Renaldo’s ‘parents’ show up, but leave empty-handed

A couple claiming that they were “the parents” of Renaldo Parris turned up at his home at Tuschen on Sunday but left without him after he cried and refused to go with them and the Child Care and Protection Agency is looking in his circumstances.

According to Ivy Harris, the woman who took Renaldo into her home, the couple arrived at her doorstep saying they had seen the article about the boy in the Sunday Stabroek and they were his “parents”. She said she spoke with them but did not believe them and Renaldo cried and said he would not go with them when the idea was suggested.

Renaldo Parris

Harris said she did not trust the appearance of the man. She recounted that the couple said they were from Leonora and that they would return.

Renaldo appeared to know them, she said, surmising that they could have been people he knew when he worked with a horse-cart operator previously. She said that Renaldo bore no resemblance to the man or woman.

The Child Care and Protection Agency of the Ministry of Human Services has since contacted this newspaper for information on how to get in touch with Harris.

After reading the story in the Sunday Stabroek, several other persons have contacted Stabroek News and pledged assistance for the lad and offered to help with his education and even adopt him. Some persons have already given food items and clothes and offered further assistance, Harris said yesterday.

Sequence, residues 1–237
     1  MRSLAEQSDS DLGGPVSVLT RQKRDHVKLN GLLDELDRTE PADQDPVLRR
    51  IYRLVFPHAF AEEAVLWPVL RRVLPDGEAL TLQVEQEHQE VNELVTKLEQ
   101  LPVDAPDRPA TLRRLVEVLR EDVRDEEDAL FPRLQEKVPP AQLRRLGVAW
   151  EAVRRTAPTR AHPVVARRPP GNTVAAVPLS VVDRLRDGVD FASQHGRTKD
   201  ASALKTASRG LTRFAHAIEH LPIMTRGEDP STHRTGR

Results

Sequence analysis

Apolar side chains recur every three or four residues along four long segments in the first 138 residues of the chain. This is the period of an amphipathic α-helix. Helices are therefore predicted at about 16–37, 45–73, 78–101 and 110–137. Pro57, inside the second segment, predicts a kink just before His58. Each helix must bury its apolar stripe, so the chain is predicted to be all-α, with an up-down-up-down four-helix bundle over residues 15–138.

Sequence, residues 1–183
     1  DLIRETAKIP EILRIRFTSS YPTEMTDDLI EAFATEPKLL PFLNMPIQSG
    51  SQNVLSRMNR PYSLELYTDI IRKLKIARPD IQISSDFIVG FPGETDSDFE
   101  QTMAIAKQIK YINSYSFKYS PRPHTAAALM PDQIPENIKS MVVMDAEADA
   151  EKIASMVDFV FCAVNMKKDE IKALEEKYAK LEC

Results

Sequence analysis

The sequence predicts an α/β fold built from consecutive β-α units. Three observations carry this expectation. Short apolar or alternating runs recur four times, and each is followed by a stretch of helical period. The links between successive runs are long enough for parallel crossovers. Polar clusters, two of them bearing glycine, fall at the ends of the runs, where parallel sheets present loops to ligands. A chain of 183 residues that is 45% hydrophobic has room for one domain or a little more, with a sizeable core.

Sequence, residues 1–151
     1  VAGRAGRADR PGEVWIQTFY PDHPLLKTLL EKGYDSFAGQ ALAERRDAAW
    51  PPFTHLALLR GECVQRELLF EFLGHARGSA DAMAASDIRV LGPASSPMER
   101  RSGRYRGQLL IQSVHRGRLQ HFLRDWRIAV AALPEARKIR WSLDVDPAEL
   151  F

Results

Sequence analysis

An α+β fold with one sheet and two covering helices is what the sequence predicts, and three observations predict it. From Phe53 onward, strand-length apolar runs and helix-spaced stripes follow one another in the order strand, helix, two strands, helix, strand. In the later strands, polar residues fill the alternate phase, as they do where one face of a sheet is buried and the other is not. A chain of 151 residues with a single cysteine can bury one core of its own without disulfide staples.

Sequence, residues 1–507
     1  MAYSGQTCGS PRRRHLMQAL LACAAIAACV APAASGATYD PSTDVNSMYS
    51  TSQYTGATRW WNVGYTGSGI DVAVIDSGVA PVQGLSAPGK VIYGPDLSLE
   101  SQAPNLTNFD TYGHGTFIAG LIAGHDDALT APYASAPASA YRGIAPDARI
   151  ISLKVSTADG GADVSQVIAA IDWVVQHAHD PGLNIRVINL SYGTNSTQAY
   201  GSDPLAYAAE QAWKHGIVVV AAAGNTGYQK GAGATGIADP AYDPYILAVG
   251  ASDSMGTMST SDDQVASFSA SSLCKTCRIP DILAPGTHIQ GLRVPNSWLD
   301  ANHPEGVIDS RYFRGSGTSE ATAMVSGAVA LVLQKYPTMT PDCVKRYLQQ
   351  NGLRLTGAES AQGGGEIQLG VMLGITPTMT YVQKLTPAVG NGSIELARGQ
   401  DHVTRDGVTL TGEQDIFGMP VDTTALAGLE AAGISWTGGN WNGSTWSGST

Renaldo had told this newspaper that after his parents died; he was abandoned by an aunt and lived on the streets while working with a horse-cart operator.

After he was injured in an accident late last year, he was left at the Leonora Diagnostic Centre where a woman from Tuschen saw him and took him to her home. However, he had had a difficult time there and was beaten up by the woman’s children.

It was after one of these episodes that Harris told him he could live with her. “Dem children beat he up and he was crying,” she had recounted. “He had nowhere to turn… I just tell him he can come and is so he’s here”.

A resident had told this newspaper about the boy’s plight and mentioned that he did not go to school. Renaldo said that he did not know to read or write and had only attended school briefly.

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